Brain Health 3: The Wonders of ExerciseFebruary 01, 2011
Brain Health 3: The Wonders of Exercise
Date: Feb 2 2011 Andel et al J Gerontol A Biol Sci Med Sci (2008) 63 (1): 62-66. Competency: Brain Health
This is the hard one. Your brain needs you to exercise. And you really don’t want to. You want to sit on the couch and watch CSI. To become motivated to exercise you have to have some really primal forces pushing you. How about not eating if you don’t walk? Or, no sex for you if you don’t run a bit…. In our evolutionary past that was basically it. We had to run to chase down lunch (gazelles and kudu) or to get away from our predators (lions). Or, we had to be on the move to find the next seasonal food source that might be a couple of miles away.
If you examine the most primitive hunter-gatherers on the planet (Hadza in Tanzania) you find folks who hunt around the clock whenever an opportunity arises, walking miles to kill one baboon to share among twenty individuals. A lot of walking for a little bit of food. We evolved walking, running, and stressing our muscles a lot.
Life is easier now. You may have to climb five stairs in your tri-level house on your way to breakfast. And maybe you have to walk down to the mailbox to leave an envelope for the postman. And that’s about it. There is all that standing around the water cooler, of course. But come on, you aren’t getting sweaty. Put a pedometer on and you only walk about 1500 to 2000 steps a day. And your brain is gradually turning to mush.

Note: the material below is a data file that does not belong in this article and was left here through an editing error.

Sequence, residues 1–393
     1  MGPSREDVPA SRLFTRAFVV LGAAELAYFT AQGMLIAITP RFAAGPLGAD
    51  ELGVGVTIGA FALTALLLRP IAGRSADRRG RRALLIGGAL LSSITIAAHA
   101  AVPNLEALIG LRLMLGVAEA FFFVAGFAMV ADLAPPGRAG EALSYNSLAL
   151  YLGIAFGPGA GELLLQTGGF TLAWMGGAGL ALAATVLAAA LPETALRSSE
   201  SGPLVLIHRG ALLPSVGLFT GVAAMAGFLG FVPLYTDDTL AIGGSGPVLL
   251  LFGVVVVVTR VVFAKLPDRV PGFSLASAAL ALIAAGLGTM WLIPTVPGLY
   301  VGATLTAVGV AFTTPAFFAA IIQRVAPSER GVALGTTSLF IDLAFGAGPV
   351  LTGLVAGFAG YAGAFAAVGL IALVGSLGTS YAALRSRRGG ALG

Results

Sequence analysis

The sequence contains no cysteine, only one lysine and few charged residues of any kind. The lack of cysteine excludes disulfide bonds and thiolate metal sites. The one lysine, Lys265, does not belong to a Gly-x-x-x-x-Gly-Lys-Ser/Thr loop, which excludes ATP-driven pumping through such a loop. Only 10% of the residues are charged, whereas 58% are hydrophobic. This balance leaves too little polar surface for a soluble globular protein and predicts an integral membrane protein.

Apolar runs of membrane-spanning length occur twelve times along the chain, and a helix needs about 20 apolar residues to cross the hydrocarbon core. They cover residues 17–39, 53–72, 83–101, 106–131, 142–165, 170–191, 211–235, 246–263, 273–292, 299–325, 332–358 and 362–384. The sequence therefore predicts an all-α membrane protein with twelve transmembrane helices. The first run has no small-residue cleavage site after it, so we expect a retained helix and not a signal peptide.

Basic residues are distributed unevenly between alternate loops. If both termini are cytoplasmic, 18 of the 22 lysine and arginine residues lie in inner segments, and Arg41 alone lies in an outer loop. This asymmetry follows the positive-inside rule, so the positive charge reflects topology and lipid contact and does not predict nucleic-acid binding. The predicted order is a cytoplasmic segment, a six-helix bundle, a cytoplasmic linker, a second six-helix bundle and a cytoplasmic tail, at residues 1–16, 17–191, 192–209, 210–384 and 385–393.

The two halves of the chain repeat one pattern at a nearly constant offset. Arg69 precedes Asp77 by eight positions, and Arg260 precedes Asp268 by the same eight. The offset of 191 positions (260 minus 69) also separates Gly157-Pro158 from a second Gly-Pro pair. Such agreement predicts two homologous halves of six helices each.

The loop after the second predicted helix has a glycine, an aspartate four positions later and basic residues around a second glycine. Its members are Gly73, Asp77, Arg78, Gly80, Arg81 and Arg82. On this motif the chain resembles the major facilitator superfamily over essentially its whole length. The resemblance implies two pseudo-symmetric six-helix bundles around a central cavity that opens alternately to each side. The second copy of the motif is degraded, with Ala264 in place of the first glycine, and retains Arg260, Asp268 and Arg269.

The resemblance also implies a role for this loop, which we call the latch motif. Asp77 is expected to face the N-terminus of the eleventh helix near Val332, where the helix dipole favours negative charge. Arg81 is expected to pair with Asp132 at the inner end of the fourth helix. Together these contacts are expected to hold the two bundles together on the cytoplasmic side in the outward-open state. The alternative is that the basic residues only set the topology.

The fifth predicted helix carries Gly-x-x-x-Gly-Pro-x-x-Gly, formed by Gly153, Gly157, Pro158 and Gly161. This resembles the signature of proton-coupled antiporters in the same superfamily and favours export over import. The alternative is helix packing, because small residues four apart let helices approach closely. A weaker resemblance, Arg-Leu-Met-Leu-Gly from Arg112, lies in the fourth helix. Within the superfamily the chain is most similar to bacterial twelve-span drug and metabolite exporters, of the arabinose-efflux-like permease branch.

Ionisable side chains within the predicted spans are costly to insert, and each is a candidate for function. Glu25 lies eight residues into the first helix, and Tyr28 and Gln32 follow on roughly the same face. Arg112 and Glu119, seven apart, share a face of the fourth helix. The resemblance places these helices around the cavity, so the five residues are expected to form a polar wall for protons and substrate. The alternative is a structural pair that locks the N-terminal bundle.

The details of why exercise is so good for you are not completely known. It’s likely something to do with osteocalcin, a marvelous little protein washed out of bones with exercise that makes you much more sensitive to insulin. And with lower insulin you have less inflammation. Something there is in your brain nurse cells called glial cells that wrap themselves around your regular brain cells and protect them that doesn’t like insulin, but still need lots of glucose as energy. If you want a healthy brain you want glial cells that never get activated. You want them to be calm and relaxed and mellow. And to get to mellow, your glial cells need to have you exercise.
The research is just stunning. Here is just one example. Andel in the Journal of Gerontology published a lovely twin study, following some 3100 pairs of twins in Sweden for thirty years. He was able to find 90 pairs who developed Alzheimer’s in one and not the other. The effect of exercise was pretty big. Light exercise like gardening and walking reduced the risk of dementia by as much as 40%. Sweaty exercise with sports reduced the risk as much as 65%. And that was 31 years later. But this column has reviewed this idea many times. We’ve reviewed that even light exercise measurably affects your memory within just 6 months, and the effect lasts 18 months afterward.
WWW. Want a healthy brain? It’s pretty simple. You just have to move more than you are moving now. 10 K a day is a very interesting number. You add that much walking to your 2K day, and you get to keep your brain. It will take you about an hour. Find a friend. Make it a habit. Join the Milwaukee Hiking Club. I’m there and would love to introduce you. 5 hikes a week, rain or shine. No cost. Nice people. http://wisconsingohiking.homestead.com/ We walk about 5 miles at a time. And laugh.
Column written by Dr John E Whitcomb, MD, Brookfield Longevity, Brookfield, WI.